* Lady Gaga stars in “A Star is Born” out now
* Truly one of the greatest voices of our generation
* Here are her studio albums ranked from worst to best
You cannot turn on the television or watch any news program lately without hearing something about the latest movie release, A Star Is Born. Starring Bradley Cooper and Lady Gaga, this movie just came an off a majorly impressive box-office opening weekend and has nothing but strong accolades, positive critical reviews and will be a word of mouth superstar.
Lady Gaga (and Bradley Cooper) is also garnering a ton of Oscar buzz for her impressive dramatic performance which brings us to this list where we take a look back at where she started and why we came to love her in the first place.
One of the most eclectic and beloved performers in the world right now, it’s hard to believe Gaga’s only been around for ten years – her impact on music and pop culture have felt much longer. Bursting onto the scene with “Just Dance” in 2008, the lady born Stefani Joanne Angelina Germanotta has now amassed a string of successful hits, from catchy earworms you can’t get out of your head, to emotional ballads that show off her impressive songwriting skills and range.
Here’s a look at how her six studio albums stack up against each other.
“Cheek to Cheek” is Lady Gaga’s collaborative album with Tony Bennett and consists of jazz standards by popular composers such as George Gershwin, Cole Porter and Irving Berlin. While this was not a solo album, it does represent Bennett’s and Gaga’s desire to introduce these types of songs to a younger generation. This album was a distinct departure for Lady Gaga and was released after the mixed reviewed, yet commercially successful, “Artpop” album.
“Cheek to Cheek” debuted at number one on the Billboard charts and took home a Grammy for “Best Traditional Pop Vocal Album.”
“Artpop” is Lady Gaga’s third studio album and is described by Gaga as “a celebration and a poetic musical journey” and an exploration of the “reverse Warholian” phenomenon in pop culture these days. Lyrically, the album revolves around her personal views of fame, sex and self-empowerment with references that refer to Greek and Roman mythology. Guest vocalists on the album included artists such as T.I., Twista and R. Kelly.
Critics and fans were divided on “Artpop,” with some finding it too conceptual for the radio and lacking any obvious hits. Others praised Gaga’s lyrical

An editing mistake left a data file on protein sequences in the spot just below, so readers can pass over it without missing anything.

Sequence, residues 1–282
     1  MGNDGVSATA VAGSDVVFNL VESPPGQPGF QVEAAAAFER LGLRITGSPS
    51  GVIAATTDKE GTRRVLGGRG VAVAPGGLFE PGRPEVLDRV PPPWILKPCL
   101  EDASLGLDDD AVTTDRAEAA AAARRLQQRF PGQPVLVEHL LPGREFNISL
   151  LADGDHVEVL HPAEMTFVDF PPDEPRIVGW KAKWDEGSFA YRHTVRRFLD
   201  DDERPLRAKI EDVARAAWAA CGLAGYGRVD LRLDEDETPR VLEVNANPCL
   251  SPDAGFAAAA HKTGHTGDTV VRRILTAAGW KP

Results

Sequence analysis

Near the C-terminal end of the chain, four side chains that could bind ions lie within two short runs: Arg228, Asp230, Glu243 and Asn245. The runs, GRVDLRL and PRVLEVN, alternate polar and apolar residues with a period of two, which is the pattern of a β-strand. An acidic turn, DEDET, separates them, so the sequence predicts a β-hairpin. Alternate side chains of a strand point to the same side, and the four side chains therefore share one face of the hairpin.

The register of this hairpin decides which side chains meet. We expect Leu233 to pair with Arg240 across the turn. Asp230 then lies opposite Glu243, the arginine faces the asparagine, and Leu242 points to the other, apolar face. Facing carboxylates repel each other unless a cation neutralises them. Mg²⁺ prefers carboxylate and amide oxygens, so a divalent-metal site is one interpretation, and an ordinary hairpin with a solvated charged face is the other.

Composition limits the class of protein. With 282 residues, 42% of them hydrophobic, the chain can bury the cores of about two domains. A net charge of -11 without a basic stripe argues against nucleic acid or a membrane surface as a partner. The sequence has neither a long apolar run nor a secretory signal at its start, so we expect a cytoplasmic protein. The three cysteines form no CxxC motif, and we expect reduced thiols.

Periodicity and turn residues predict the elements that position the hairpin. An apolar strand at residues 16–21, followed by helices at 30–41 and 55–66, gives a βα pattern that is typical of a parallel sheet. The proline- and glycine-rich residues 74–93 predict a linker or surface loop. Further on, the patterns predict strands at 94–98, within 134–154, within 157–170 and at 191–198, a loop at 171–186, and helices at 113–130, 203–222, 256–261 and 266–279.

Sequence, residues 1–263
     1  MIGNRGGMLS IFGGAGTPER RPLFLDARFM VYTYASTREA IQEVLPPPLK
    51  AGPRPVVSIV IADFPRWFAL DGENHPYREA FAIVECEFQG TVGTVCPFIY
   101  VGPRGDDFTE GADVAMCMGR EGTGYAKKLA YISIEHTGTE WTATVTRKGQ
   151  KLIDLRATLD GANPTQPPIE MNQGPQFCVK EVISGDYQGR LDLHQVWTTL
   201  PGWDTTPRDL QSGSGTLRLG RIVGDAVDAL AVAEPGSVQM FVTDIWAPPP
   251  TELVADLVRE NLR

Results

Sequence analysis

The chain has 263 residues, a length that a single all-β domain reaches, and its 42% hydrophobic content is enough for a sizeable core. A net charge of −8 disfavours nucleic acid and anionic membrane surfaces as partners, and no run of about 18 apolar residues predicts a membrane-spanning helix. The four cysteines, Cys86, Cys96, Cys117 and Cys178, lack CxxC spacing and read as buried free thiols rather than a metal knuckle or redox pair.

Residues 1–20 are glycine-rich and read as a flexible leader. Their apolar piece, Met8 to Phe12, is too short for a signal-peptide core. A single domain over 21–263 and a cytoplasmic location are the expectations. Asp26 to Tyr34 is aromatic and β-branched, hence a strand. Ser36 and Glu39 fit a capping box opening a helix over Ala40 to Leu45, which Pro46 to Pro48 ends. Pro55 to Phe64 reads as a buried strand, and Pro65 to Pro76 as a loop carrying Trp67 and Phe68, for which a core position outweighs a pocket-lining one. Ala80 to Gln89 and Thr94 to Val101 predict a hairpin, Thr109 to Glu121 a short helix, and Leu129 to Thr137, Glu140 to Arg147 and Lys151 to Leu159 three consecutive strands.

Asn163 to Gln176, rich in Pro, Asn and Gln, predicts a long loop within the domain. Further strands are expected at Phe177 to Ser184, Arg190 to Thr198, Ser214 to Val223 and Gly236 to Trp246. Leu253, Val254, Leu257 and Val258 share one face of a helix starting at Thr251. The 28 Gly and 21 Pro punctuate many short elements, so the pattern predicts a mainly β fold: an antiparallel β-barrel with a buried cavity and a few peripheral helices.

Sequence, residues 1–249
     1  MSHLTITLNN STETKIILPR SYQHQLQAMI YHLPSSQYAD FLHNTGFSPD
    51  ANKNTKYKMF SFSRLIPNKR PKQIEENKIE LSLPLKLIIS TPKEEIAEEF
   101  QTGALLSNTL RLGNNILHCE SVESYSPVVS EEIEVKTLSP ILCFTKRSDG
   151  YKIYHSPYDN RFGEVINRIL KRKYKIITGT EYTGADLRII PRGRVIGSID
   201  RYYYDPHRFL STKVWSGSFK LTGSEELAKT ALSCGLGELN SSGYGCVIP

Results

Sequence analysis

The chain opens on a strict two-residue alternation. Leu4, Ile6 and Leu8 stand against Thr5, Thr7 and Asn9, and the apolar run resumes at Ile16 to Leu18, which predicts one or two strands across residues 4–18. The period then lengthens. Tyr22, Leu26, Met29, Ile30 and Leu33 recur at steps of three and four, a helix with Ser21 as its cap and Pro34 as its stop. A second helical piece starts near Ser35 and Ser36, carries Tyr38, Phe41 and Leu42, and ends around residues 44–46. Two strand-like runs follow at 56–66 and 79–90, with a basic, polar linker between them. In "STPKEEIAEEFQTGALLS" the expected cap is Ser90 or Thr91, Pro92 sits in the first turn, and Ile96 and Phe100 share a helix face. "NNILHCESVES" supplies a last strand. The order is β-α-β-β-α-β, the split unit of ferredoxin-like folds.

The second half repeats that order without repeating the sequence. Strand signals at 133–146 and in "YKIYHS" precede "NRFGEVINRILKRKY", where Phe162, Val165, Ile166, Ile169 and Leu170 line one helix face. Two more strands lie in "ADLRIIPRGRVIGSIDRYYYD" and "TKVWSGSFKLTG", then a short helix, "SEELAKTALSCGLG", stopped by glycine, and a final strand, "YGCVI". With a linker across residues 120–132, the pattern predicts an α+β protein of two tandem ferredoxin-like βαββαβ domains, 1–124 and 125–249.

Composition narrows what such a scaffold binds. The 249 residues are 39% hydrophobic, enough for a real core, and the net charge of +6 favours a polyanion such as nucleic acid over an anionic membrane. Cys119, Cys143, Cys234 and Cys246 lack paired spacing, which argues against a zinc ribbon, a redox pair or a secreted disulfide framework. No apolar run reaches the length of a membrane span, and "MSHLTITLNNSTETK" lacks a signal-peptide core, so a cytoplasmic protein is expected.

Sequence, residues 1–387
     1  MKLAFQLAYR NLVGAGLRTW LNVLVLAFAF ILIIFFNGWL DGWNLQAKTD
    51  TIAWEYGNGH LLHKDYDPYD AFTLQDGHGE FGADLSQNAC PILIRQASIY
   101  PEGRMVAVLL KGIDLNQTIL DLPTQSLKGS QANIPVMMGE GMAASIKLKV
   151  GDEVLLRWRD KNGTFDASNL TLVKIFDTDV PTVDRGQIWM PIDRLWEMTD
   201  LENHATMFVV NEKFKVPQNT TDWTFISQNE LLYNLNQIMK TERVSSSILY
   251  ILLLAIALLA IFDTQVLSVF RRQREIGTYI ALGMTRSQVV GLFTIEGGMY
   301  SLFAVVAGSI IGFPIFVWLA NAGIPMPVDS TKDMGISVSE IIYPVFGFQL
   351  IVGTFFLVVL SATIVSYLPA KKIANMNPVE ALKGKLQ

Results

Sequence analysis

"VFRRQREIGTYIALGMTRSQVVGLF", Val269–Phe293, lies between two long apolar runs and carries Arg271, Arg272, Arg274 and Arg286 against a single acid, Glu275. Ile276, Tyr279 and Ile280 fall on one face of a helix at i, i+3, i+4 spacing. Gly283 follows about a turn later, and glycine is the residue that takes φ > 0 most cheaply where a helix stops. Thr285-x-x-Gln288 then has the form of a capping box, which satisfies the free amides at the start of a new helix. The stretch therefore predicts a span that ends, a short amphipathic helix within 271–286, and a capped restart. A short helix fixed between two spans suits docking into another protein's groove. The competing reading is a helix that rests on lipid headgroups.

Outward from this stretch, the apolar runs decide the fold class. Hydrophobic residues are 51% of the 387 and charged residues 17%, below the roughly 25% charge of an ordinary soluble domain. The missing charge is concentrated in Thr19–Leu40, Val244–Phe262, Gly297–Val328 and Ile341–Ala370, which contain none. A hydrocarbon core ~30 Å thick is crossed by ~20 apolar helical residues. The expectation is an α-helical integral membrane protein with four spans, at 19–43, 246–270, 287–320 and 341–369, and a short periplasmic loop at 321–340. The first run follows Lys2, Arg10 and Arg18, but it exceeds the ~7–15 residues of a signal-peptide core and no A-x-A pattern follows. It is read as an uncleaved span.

From “Artpop” to country, “Joanne” is Lady Gaga’s “stripped down” soft rock and dance-pop album which put a lot of emphasis on the singer’s incredible vocal abilities. The album was a reflection of the time as the lyrics revolved around a family theme and life’s emotions with the death of her aunt, Joanne, having a deep influence.
Along with a new sound came a new appearance with the release of this album. Her new look was influenced by her experience working with the ornate costumes from the TV series American Horror Story and represented a more country-oriented look, consisting mainly of a pink, wide-brimmed hat and a lot of pastel colors.
These last three albums are quintessential Lady Gaga, what essentially put her on the map and what we love her for. The “Born This Way” album contains collaborations with some legendary artists such as the E Street Band saxophonist, Clarence Clemons and Queen guitarist Brian May who helped incorporate different forms of instrumentation from that of her previous releases. Opera, heavy metal, disco, house and rock and roll all comprise the sound of this album which helps with the wide range of lyrical topics that include sexuality, religion, freedom, feminism and individualism.
The title track remains one of Gaga’s biggest hits and is an empowering anthem for everyone, regardless of race, gender or sexuality.
Lady Gaga’s debut album was an instant success and introduced us to her musicianship and incredible vocal ability. The album is comprised of sounds of electropop, synthpop and dance-pop and visualizes her love of fame while also dealing with subjects like love, sex, money, drugs and sexual identity. This album had all the makings of a success with the first two singles, “Just Dance” and “Poker Face” being those dance-pop songs that made us remember why we listened to it in the first place. Along with the music, came her unique and stylish look which kept us coming back for more.
“The Fame Monster” is essentially a deluxe edition or reissue of the enormously successful album, “The Fame.” It is considered a double album that featured eight new songs on the first disc and the music from “The Fame” on the second disk. Each song on “The Fame Monster” was either a hit or fan favorite and became a success all over the world. The “Monster” theme was said to come from how to deal with the darker side of fame while also being inspired by fashion shows and runways (Gaga would go on to dub her legion of fans as her “Little Monsters”). This theme was further exemplified by “Bad Romance,” the album’s lead single and its even more visually stunning music video which was voted the best video of the aughts by readers of Billboard.